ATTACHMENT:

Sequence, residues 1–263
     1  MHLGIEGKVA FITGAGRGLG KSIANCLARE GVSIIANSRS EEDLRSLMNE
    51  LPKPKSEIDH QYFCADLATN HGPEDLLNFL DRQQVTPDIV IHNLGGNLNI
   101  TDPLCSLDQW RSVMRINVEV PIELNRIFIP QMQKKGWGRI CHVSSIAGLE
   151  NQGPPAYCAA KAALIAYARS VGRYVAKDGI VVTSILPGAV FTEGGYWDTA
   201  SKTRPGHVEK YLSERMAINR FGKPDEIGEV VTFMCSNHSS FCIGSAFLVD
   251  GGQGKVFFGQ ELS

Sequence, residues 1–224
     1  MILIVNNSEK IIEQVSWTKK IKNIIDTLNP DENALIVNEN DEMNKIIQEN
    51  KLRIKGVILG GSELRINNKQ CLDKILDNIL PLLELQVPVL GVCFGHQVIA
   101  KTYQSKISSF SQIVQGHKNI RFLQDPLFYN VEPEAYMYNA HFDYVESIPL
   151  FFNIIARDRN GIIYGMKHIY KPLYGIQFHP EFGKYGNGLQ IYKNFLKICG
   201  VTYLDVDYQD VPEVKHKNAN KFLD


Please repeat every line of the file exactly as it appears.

Sequence, residues 1–263
     1  MHLGIEGKVA FITGAGRGLG KSIANCLARE GVSIIANSRS EEDLRSLMNE
    51  LPKPKSEIDH QYFCADLATN HGPEDLLNFL DRQQVTPDIV IHNLGGNLNI
   101  TDPLCSLDQW RSVMRINVEV PIELNRIFIP QMQKKGWGRI CHVSSIAGLE
   151  NQGPPAYCAA KAALIAYARS VGRYVAKDGI VVTSILPGAV FTEGGYWDTA
   201  SKTRPGHVEK YLSERMAINR FGKPDEIGEV VTFMCSNHSS FCIGSAFLVD
   251  GGQGKVFFGQ ELS

Sequence, residues 1–224
     1  MILIVNNSEK IIEQVSWTKK IKNIIDTLNP DENALIVNEN DEMNKIIQEN
    51  KLRIKGVILG GSELRINNKQ CLDKILDNIL PLLELQVPVL GVCFGHQVIA
   101  KTYQSKISSF SQIVQGHKNI RFLQDPLFYN VEPEAYMYNA HFDYVESIPL
   151  FFNIIARDRN GIIYGMKHIY KPLYGIQFHP EFGKYGNGLQ IYKNFLKICG
   201  VTYLDVDYQD VPEVKHKNAN KFLD